The key to that harmony, Russell asserts, lies in bridging the expansive confidence of intuition with the balanced restraint of reason so as to produce — and isn’t that a most marvelous phrase? — a “largeness of contemplation.” 
Its most compelling manifestation comes to life in Russell’s discussion of time and the question of whether or not it is real — perhaps the greatest friction point between science and metaphysics, and one that came to a head just four years later in Einstein and Bergson’s landmark debate, which shaped our modern understanding of time. With an eye to the mystics’ assertion that linear time is an illusion, Russell writes:
It is difficult to disentangle the truth and the error in this view. The arguments for the contention that time is unreal and that the world of sense is illusory must, I think, be regarded as fallacious. Nevertheless there is some sense — easier to feel than to state — in which time is an unimportant and superficial characteristic of reality. Past and future must be acknowledged to be as real as the present, and a certain emancipation from slavery to time is essential to philosophic thought.
Discus chronologicus, a German depiction of time from the early 1720s, from Cartographies of Time
A century before modern psychologists started probing the paradoxical psychology of time and today’s physicists began exploring why we experience it as linear and can’t remember the future, Russell speaks to these perplexities with astonishing intellectual precision:
The importance of time is rather practical than theoretical, rather in relation to our desires than in relation to truth. A truer image of the world, I think, is obtained by picturing things as entering into the stream of time from an eternal world outside, than from a view which regards time as the devouring tyrant of all that is. Both in thought and in feeling, even though time be real, to realise the unimportance of time is the gate of wisdom.
That this is the case may be seen at once by asking ourselves why our feelings towards the past are so different from our feelings towards the future. The reason for this difference is wholly practical: our wishes can affect the future but not the past, the future is to some extent subject to our power, while the past is unalterably fixed. But every future will some day be past: if we see the past truly now, it must, when it was still future, have been just what we now see it to be, and what is now future must be just what we shall see it to be when it has become past. The felt difference of quality between past and future, therefore, is not an intrinsic difference, but only a difference in relation to us: to impartial contemplation, it ceases to exist. And impartiality of contemplation is, in the intellectual sphere, that very same virtue of disinterestedness which, in the sphere of action, appears as justice and unselfishness. Whoever wishes to see the world truly, to rise in thought above the tyranny of practical desires, must learn to overcome the difference of attitude towards past and future, and to survey the whole stream of time in one comprehensive vision.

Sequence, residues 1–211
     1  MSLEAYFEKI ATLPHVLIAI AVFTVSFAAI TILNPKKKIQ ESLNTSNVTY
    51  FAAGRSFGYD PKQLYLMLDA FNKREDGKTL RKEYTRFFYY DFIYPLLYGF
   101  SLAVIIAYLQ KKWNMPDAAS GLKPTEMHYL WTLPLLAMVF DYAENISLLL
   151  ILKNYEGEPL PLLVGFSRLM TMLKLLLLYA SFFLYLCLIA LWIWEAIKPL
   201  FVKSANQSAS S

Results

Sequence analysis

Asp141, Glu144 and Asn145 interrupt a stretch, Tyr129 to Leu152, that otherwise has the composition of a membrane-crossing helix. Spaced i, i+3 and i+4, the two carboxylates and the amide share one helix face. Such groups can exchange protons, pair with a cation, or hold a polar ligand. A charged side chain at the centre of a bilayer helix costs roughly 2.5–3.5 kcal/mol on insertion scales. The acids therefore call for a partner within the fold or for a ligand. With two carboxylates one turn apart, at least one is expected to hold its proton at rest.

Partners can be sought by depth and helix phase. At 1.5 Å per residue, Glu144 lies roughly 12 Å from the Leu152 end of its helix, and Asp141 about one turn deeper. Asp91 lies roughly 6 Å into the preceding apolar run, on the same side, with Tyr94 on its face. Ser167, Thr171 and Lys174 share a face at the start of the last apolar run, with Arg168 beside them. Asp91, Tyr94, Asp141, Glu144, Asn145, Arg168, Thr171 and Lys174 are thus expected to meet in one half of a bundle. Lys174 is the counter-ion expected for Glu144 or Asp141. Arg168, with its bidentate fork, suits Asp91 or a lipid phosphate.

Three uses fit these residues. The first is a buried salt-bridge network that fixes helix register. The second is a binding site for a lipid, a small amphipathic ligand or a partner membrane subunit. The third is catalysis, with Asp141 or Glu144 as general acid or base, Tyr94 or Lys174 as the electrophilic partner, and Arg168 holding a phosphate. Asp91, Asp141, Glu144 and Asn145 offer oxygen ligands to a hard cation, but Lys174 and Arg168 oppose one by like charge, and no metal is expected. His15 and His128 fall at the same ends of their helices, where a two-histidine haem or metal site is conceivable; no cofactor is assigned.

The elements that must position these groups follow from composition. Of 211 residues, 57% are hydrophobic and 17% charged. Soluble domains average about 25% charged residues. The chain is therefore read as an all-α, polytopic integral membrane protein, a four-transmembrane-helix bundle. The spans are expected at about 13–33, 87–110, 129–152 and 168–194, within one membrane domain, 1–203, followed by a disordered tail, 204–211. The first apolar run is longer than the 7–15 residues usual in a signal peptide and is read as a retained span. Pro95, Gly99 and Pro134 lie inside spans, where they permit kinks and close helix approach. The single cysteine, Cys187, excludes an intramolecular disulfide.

[…]
The beliefs of to-day may count as true to-day, if they carry us along the stream; but to-morrow they will be false, and must be replaced by new beliefs to meet the new situation. All our thinking consists of convenient fictions, imaginary congealings of the stream: reality flows on in spite of all our fictions, and though it can be lived, it cannot be conceived in thought.